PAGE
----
One Ketchum City Council person thinks former Fire Chief Greg Schwab should be looking inward for answers about his separation from the city payroll.
Terry Tracy read a written statement during a City Council meeting Monday, May 15. In it, she categorized Schwab's management as fraught with communication and morale problems.
Last month, the Council unanimously approved a $100,000 payment to Schwab, placing him on unpaid administrative leave with benefits until Oct. 20, 2006, or until he gets another job.
"My vote asking former Fire Chief Greg Schwab to resign from the Ketchum Fire Department had nothing to do with anyone other than Greg Schwab," Tracy's statement says. "I did what I thought was best for the Fire Department and for the residents and taxpayers of Ketchum."
She didn't comment sooner because she "was under the impression that when dealing with personnel matters, confidentiality was standard policy."
Schwab, in an interview with the Mountain Express April 25, elaborated on his side of the disagreement, saying he was "pushed out."
Former mayor Ed Simon said last week that Schwab's ousting was political, and that his political rival Mayor Randy Hall had been trying for two years to get rid of Schwab.
Schwab and Simon believe Hall's dual positions with the city—as mayor and volunteer fire fighter—are a conflict of interest.
Hall, who also was on the City Council during Simon's tenure, said he recused himself from all discussions about Schwab and didn't vote on the payment.
Although the council's resolution says Schwab's was a "voluntary resignation," he maintains it was political and said Hall's dual positions undermined Schwab's authority.
Tracy countered that he brought on his own problems.
"In my opinion, the only one who prevented Greg Schwab from doing his job was Greg Schwab," she said. "As we all know, when a team is having difficulties ... the team is not fired or asked to resign. What I perceived to be a serious morale and communication problem existed within the Fire Department team and I held Greg Schwab responsible."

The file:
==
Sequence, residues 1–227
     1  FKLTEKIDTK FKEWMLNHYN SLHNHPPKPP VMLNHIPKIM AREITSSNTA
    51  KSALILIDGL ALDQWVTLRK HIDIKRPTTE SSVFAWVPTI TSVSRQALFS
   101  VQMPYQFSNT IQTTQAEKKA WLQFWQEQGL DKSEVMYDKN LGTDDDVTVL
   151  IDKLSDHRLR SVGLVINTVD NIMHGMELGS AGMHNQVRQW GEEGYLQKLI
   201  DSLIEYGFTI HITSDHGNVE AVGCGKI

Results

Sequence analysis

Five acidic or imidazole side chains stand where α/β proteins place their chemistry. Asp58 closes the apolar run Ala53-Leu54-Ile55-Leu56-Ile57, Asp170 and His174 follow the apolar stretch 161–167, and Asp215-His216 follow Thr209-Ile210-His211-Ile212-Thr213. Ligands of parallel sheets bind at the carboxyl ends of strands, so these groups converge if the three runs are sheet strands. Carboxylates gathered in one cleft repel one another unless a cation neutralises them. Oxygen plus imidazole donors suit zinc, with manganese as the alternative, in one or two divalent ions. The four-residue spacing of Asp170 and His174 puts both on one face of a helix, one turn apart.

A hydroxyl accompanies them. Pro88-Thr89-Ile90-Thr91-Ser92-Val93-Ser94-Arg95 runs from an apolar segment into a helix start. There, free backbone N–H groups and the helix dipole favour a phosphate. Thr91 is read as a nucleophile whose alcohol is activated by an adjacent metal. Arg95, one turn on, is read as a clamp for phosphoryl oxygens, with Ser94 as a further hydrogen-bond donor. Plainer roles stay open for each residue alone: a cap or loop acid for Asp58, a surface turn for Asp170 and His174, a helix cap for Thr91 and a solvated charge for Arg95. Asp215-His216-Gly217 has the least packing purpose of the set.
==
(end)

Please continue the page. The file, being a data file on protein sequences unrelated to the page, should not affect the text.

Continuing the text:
Tracy also blamed Simon for writing performance evaluations for Schwab that "did not reflect any of the ongoing problems within the Fire Department, nor did they make mention of the Council's concerns."
She also pointed to a series of meetings the council had with Schwab, recommendations they made to help improve communication between Schwab and his department, and an outside facilitator who was brought in for the City Council but extended his mediation to the Fire Department.
"Every effort was made to encourage Greg to work on his people skills," she said.
Tracy said the $100,000 payment was authorized in order to avoid a potentially costly and drawn-out lawsuit, "a lawsuit that would have been based, in large part, on evaluations that painted only a partial picture."
Schwab said last month that he is proud of his record of service with the department.
Tracy said there was much room for improvement, both in communication and technical and professional aspects.
"I held Greg Schwab responsible," she said, "and I'm sorry the accountability was so costly."